Do not smell the flowers. Or touch, or taste.

During 2014, 7 people fainted from inhaling toxic fumes while walking through the garden. “People think we’re being overdramatic when we talk about [not smelling the plants], but I’ve seen the health and safety reports,” the duchess says.

It’s mission is drug education, it features 100 varieties of toxic plants including cannabis, coca, opium poppies, the plant that is the source of Ricin. If you’re a terrorist, or you want to know how to cultivate your own class A drugs the Garden is your uni. Can they make Wolfsbane?

No Alnwick has vampires not werewolves.

“I thought, ‘This is a way to interest children,’” the Duchess says. “Children don’t care that aspirin comes from a bark of a tree. What’s really interesting is to know how a plant kills you, and how the patient dies, and what you feel like before you die.”

Alnwick's Gardens, the giants are having an adventure picnic

The Giant Adventure

There is a real-life Giant and Giantess inhabited the gardens you can interact with via an app.

He is a very lazy messy giant as his wife will tell you, and through the app you can join the adventure to discover where his left his belonging around the garden - they’re all over the place. How cool is this?

Alnwick's sublime treehouse restaurant amidst 17 Lime trees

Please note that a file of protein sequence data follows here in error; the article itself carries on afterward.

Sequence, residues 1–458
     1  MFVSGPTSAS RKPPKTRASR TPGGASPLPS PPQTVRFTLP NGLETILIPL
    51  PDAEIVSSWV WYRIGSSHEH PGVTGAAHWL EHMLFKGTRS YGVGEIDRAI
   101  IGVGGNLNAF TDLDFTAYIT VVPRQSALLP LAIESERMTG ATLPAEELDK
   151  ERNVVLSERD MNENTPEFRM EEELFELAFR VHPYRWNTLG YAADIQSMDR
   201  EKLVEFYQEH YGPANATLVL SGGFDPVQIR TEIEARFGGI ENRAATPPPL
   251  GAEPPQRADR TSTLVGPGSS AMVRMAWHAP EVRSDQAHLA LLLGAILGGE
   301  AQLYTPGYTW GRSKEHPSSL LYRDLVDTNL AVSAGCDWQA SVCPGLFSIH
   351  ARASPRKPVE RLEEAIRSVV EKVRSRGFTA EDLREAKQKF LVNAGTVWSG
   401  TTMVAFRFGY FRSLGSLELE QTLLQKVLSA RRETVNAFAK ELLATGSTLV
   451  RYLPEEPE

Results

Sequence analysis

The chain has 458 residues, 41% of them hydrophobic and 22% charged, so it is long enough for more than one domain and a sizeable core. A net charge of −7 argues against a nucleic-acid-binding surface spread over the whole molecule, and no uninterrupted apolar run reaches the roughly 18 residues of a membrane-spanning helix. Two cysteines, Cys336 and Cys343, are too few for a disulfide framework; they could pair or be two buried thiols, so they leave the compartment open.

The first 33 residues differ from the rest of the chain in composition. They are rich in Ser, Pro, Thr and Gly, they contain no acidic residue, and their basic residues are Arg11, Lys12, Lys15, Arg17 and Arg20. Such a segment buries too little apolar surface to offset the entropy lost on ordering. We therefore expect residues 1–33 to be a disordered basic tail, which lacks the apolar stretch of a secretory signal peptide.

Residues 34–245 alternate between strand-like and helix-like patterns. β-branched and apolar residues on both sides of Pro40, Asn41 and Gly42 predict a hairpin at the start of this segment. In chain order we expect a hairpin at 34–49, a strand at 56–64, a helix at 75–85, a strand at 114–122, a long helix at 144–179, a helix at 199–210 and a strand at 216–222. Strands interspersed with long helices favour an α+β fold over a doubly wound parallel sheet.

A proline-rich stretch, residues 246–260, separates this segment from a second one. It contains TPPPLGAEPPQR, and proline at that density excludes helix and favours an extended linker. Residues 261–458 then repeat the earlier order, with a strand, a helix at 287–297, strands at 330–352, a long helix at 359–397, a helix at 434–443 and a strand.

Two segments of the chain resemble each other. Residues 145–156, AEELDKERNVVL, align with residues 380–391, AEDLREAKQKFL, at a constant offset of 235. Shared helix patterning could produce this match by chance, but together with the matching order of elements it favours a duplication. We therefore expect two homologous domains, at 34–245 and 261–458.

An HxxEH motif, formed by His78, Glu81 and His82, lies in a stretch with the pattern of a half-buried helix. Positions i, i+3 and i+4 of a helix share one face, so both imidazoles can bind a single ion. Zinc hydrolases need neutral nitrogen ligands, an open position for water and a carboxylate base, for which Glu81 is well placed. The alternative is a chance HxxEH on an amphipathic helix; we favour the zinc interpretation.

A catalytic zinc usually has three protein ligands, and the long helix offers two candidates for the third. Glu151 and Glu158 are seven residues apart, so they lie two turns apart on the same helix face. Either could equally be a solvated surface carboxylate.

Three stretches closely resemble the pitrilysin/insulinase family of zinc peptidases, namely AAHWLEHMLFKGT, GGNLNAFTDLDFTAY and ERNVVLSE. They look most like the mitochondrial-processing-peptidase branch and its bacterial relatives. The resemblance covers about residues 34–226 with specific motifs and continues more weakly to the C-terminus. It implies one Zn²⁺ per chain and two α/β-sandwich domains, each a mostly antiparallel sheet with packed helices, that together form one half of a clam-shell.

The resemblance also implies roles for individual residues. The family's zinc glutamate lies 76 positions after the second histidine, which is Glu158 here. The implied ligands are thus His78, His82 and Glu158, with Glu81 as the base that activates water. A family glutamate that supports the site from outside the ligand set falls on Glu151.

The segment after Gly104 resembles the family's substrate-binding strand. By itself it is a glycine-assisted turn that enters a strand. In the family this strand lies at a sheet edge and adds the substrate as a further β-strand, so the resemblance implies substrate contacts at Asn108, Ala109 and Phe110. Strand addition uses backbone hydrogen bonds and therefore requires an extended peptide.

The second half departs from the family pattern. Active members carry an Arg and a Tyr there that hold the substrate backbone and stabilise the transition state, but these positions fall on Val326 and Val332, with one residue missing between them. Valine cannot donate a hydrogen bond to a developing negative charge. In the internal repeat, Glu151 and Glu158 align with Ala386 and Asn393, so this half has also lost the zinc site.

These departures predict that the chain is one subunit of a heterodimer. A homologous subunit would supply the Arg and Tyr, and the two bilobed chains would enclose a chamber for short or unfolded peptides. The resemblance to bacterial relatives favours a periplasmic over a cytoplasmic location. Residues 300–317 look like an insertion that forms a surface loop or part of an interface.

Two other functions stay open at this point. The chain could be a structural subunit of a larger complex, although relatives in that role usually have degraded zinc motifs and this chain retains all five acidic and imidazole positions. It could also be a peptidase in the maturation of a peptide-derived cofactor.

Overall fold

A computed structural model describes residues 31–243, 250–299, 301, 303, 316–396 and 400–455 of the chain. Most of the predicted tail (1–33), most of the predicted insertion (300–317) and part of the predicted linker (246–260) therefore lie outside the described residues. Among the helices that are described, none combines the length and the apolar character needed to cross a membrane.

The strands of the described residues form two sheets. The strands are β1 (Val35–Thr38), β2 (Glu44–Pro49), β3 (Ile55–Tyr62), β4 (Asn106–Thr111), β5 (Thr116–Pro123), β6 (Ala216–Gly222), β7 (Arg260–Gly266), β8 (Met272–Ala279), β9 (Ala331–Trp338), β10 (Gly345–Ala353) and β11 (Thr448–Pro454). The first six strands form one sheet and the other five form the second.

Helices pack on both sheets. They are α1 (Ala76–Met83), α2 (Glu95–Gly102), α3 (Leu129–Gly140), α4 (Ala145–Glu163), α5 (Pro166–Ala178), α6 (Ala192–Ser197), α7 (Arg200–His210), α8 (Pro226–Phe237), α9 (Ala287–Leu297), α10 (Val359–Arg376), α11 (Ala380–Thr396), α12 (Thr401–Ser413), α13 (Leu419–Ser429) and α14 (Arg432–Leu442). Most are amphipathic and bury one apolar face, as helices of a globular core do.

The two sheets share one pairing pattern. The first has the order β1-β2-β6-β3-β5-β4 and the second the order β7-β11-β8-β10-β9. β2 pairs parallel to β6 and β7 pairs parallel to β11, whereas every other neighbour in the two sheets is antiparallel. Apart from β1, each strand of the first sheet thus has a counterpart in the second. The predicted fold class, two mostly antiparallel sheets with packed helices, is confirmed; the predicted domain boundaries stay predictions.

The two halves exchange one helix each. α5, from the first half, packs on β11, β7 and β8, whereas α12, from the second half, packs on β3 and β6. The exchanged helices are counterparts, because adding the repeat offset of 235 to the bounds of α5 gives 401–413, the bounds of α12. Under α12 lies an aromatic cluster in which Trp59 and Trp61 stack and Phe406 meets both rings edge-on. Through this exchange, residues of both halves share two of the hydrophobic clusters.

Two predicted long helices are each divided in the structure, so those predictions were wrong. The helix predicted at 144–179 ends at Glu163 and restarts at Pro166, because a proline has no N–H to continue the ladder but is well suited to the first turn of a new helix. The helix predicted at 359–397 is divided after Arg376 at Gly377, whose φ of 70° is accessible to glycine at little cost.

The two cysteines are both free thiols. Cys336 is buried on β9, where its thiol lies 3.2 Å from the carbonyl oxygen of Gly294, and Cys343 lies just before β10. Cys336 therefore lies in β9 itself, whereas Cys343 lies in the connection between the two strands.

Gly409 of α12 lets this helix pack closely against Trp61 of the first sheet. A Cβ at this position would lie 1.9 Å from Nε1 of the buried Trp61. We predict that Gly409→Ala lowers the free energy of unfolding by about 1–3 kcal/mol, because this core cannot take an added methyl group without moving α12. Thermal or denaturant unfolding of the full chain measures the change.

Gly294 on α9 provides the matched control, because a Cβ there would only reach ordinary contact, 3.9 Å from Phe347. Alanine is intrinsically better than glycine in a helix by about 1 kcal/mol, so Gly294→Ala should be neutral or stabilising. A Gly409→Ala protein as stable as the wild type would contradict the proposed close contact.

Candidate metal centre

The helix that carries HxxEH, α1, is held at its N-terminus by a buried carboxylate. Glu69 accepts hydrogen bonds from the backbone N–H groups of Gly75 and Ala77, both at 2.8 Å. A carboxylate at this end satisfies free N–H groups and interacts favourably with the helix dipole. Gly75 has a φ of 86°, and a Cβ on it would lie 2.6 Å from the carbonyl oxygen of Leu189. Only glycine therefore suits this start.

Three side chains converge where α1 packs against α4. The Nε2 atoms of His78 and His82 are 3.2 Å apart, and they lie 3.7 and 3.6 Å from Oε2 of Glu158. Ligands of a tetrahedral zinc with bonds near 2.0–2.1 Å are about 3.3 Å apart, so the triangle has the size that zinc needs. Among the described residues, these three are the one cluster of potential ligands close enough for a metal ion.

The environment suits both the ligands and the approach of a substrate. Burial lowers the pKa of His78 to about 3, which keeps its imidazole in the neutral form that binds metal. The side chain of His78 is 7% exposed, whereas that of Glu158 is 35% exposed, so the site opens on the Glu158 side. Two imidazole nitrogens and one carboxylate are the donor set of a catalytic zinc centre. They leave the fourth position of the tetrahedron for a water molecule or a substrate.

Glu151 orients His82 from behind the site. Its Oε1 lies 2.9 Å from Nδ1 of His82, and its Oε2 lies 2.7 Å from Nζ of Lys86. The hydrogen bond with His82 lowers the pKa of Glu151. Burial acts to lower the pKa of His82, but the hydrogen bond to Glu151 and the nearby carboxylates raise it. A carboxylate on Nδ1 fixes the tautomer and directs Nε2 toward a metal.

Alnwicks' £3.7 million Treehouse restaurant

Is a fairy tale experience to remember. At 560 m² it is one of the largest wooden treehouses in the world, nestled amongst the canopy of 17 Lime trees, linked by wooden walkways, twinkling lights and centered around a roaring log fire; the rickerty, ramshackle building echoes the Weasley’s Burrows.

The Burrow and it’s accompanying pigsty were designed to look like Arthur Weasley had built them himself. All higgedly piggedly, beams not positioned right, no wall at a right angle, every worktop surface sloped, the leaning tower of Weasley. Arthur is perpetually hurried and disaster prone and the Burrow was held up by magic and love.

The model of the Burrow was set on fire for the Half Blood Prince, it was totally destroyed. Alnwicks’ wonky, higgedly piggedly treehouse restaurant is the nearest thing the world now has. And it's glorious.

You sit in heavy and rough hardwood chairs, branches twisting around you while eating British dishes, ingredients sourced from Northumberland.

Choice is exhausting so to make it easier they list the Jane Percy’s favourite dishes, and even offer ‘Deadly Jane’ cocktails of her own devising - she is a Duchess after all.

Severe Duchess Jane Percy inside  Alnwick's dreamy Treehouse restaurant
'I'm not at all drunk'. Hic.
Jane says enhancing peoples' lives is a serious business.

One thing to check out on the way to the treehouse is well, the rope ladders, pretend it’s Raiders to the Lost Ark and crack your bullwhip. The giant bathing in the lake nearby is disgusting, watch long enough and he’ll fart!

Other things to do in Alnwick

If it’s a rainy day, these might be better than the Gardens, you could stoll through the old town and shop hop.

Walk beneath Hotspur tower